For as long as I've been a subscriber, I have always been interested to know what Gun Tests thought of my personal choice of a firearm, the Walther PPK/S. Last month's (December 1997) comparison of .380 double action pistols finally answered that question. I have to admit I was more than a little disappointed in your remarks. The testers commented that the tang was insufficient to prevent slide bite and that "more often that not" the PPK/S, the current test weapon excluded, "either failed to feed or failed to eject." Unfortunately, I also have to admit that every word of it was true.
I purchased my Walther in September of 1996. As a shooter with small hands, t...
I have just read Downrange in the December 1997 issue and have subscribed to Gun Tests for several years. You deserve the highest marks available for objective testing. I, too, recently bought a new Beretta 3032 Tomcat after a year's wait. I was shocked to read that Beretta admits its Tomcat has a 1000-round service life. I purchased this gun (my first Beretta product) because of its size, caliber and manufacturer reputation. I shoot quite often and most certainly would not have bought it had I known its limitations.
This, however, is not my only problem with the gun. So far, I have put 150 rounds of ball and Silvertip ammunition through it. The ball feeds fi...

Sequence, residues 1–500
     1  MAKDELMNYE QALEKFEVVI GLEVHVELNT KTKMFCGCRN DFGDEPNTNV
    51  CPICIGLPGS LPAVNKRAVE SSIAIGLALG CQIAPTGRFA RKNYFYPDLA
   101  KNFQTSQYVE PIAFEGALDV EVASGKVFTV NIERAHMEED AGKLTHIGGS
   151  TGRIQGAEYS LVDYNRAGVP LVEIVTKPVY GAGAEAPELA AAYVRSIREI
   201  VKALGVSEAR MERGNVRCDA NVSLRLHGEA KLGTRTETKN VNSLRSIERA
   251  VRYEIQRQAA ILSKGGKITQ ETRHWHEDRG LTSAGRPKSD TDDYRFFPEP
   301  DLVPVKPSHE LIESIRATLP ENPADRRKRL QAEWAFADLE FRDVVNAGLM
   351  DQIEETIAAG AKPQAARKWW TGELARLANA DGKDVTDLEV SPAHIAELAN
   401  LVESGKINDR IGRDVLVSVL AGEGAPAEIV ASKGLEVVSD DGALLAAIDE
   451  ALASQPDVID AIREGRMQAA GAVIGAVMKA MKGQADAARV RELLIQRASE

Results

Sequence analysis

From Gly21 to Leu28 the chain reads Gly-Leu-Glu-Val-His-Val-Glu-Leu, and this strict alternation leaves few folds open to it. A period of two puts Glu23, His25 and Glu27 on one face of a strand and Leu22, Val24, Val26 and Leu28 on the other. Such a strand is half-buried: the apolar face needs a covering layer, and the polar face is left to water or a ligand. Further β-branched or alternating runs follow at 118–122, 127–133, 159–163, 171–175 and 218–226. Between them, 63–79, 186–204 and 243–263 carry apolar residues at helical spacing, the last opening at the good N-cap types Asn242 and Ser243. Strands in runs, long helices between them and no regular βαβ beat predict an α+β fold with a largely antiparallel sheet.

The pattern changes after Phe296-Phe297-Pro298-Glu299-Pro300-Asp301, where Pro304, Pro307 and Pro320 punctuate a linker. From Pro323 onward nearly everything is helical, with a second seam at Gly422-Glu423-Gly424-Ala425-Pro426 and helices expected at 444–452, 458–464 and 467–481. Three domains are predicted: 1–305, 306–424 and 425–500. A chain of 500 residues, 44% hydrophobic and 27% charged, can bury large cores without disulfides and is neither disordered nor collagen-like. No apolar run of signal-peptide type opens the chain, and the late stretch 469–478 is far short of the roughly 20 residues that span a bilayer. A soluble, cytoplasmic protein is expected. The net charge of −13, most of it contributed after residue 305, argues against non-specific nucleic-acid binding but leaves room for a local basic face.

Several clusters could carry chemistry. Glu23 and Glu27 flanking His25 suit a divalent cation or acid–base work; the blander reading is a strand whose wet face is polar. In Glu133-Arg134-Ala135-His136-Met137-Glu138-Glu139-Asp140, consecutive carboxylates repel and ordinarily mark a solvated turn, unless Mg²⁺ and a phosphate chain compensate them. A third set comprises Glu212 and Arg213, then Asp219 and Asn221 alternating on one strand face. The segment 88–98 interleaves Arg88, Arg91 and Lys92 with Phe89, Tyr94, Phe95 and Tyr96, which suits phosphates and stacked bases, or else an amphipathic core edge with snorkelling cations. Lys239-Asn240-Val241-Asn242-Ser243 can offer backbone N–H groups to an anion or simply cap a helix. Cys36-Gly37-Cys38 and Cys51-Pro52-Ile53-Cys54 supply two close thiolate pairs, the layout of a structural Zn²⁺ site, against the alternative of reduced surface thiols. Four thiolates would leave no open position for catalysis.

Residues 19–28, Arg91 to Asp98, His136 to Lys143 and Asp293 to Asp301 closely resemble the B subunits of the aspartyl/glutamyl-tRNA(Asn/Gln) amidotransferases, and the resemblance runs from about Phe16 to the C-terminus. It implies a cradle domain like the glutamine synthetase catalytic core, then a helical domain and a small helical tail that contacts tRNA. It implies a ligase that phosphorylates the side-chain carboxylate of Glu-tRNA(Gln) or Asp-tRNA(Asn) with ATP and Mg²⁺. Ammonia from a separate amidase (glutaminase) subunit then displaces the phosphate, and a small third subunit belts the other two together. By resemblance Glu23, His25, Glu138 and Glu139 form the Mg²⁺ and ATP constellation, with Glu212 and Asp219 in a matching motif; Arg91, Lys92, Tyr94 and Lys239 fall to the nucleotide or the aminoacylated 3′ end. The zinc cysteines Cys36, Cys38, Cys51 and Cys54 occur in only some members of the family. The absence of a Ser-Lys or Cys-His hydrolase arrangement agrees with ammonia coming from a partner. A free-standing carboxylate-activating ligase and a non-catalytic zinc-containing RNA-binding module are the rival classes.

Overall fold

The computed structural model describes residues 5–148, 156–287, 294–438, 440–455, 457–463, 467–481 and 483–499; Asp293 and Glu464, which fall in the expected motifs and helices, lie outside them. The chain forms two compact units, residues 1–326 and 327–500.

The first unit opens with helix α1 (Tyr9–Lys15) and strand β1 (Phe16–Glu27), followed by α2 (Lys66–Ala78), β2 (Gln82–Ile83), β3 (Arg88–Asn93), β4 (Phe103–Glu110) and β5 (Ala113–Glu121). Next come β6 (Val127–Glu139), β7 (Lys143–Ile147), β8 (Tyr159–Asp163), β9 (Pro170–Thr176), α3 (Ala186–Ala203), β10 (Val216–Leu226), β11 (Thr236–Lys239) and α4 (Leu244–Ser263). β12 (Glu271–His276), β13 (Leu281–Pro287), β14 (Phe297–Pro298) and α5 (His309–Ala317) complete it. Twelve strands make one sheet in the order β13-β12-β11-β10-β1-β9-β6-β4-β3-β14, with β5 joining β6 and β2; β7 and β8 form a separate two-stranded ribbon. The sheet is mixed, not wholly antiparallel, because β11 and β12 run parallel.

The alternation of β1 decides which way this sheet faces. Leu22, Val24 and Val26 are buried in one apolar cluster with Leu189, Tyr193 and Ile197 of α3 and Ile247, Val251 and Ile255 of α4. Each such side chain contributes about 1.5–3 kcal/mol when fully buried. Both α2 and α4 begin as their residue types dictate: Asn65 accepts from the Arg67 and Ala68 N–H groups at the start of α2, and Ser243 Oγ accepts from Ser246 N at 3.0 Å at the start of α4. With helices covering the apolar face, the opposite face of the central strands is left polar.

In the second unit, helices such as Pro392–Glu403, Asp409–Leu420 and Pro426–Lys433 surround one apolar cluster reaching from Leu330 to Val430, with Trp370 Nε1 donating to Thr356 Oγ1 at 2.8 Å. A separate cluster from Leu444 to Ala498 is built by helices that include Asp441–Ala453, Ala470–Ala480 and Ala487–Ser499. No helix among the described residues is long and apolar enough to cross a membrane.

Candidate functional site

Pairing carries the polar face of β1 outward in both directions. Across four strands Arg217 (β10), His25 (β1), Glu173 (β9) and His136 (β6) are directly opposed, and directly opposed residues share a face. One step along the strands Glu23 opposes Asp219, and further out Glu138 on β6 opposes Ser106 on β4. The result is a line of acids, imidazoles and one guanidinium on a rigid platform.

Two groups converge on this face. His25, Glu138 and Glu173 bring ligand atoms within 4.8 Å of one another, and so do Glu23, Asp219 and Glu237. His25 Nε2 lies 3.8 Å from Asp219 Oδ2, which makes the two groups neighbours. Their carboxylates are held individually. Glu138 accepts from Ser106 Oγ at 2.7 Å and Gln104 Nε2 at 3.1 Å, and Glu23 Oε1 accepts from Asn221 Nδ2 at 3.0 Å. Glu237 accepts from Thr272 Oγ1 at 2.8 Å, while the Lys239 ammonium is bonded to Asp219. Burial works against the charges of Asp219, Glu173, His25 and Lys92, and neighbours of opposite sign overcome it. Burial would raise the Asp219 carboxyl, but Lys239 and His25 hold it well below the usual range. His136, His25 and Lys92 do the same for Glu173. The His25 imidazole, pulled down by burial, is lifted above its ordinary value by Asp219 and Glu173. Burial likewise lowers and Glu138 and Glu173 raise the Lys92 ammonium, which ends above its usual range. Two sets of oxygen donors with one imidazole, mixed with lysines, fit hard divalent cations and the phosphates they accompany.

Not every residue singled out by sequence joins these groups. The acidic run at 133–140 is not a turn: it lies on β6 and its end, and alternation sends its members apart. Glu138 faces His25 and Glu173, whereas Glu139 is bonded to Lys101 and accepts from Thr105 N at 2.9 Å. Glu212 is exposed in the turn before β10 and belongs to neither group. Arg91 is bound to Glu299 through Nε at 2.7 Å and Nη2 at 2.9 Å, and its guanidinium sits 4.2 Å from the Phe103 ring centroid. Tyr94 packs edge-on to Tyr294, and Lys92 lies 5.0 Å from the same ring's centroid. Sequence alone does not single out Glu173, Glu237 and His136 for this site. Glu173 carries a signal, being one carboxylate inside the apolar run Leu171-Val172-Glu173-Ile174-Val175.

In your recent article comparing the Colt, Smith & Wesson and Ruger .22s, it was noted that the Colt was probably the first choice. Except for the fact that they have moved the magazine release over to the other side, did anyone stop to consider it as a clone of the old High Standard Duramatic? What that means is a good design is still a good design, even if resuscitated by another company. Putting it another way, what was once the most inexpensive pistol in the High Standard line is still a good shooter when compared to some of the newer guns today.
Also, the Peltor Tactical 7 was being sold recently by Dillon for a substantially lower price than you quoted — s...